“The race was very good, but towards the end I lagged behind because my shoes were uncomfortable and my feet were burning,” said Tufa.

Moreira, Daunay, and Jeptoo rounded out the top six with times of 2:25:53, 2:26:57, and 2:27:03, respectively. All eyes were on American Thweatt coming down the homestretch of her first marathon in 2:28:23, good for seventh place. On Friday, Thweatt told Race Results Weekly that she viewed the marathon as an extended cross country race;n through 20 miles, she was feeling fantastic.

“It was definitely a very extended cross country race for me today,” said Thweatt, a national champion in cross country. “I mean, the hills, just trying to stay attached to the lead group, I definitely had to call on my strengths… I definitely had to give it everything I had those last couple miles. It was brutal.”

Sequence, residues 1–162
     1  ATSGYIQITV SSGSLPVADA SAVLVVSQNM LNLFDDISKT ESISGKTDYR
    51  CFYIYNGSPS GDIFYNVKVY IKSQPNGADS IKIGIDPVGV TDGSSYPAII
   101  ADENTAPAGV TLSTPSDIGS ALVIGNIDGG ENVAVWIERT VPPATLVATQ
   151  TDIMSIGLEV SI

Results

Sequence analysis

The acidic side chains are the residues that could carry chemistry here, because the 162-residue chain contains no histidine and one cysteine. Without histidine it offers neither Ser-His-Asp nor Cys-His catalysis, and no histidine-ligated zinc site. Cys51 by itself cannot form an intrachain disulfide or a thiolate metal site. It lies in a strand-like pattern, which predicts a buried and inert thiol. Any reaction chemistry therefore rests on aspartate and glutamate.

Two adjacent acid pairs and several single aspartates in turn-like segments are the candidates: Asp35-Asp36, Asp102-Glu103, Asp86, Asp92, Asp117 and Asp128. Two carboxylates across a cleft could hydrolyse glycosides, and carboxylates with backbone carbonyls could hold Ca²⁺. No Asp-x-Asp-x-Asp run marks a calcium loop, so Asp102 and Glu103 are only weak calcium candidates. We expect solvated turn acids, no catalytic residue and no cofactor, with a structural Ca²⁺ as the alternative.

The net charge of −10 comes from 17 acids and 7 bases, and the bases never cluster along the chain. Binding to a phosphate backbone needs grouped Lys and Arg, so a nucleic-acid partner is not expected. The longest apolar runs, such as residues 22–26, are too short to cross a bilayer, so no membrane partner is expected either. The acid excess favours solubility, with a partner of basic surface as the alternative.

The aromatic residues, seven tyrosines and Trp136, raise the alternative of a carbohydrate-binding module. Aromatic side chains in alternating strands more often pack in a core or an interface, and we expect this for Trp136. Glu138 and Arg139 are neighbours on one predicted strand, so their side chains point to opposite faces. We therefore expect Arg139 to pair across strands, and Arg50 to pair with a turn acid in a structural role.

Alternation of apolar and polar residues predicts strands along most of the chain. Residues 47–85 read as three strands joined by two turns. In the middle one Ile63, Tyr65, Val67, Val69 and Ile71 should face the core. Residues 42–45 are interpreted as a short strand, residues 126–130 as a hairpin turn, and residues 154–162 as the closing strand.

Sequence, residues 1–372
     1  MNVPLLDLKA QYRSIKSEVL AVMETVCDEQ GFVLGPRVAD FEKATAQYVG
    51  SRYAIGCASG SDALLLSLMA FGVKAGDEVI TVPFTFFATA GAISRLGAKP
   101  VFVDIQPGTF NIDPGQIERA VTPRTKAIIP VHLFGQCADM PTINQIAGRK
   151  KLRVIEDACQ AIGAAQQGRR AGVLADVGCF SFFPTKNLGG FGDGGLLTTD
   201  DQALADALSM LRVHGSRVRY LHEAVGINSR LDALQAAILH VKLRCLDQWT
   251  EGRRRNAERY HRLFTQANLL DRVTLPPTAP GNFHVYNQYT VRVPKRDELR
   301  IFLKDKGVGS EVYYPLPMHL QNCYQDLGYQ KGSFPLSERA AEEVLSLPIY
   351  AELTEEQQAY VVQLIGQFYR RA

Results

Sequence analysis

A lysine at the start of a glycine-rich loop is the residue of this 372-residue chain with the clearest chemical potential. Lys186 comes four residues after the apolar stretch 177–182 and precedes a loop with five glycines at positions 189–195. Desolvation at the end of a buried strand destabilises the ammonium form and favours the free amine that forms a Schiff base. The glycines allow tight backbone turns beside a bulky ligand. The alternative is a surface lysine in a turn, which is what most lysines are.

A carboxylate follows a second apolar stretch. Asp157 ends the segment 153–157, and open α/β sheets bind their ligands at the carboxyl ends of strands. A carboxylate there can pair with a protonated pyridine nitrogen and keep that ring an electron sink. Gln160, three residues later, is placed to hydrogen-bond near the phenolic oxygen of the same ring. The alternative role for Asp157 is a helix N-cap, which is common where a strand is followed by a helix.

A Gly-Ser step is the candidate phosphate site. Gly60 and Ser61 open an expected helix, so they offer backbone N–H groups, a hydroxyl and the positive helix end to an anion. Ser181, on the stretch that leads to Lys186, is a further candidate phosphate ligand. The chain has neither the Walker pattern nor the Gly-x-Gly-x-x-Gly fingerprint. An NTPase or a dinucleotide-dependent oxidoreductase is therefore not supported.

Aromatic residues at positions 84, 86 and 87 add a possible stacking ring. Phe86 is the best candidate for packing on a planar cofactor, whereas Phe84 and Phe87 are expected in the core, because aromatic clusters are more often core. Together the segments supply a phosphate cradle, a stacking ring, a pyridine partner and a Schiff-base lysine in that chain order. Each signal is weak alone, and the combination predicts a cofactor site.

Thweatt will not race at the 2016 U.S. Olympic Trials Marathon in February, opting for the 10,000m on the track. Her coach, Lee Troop, told RRW that it would simply be too much to handle.

“If she was to make the [Olympic] team, then it would be three marathons in ten months,” said the Australian native who resides in Boulder, Colo. “That’s just too much, and not good for her career [long term].”

Thweatt did come away from the marathon feeling a sense of accomplishment. “I didn’t win, but it was just such a huge victory to complete 26.2 miles. I didn’t see myself as being a marathoner. I mean, I’m not. I still don’t consider myself a marathoner. But just to complete that distance on a course like New York with the history and just how tough it is out there, it felt like I won.”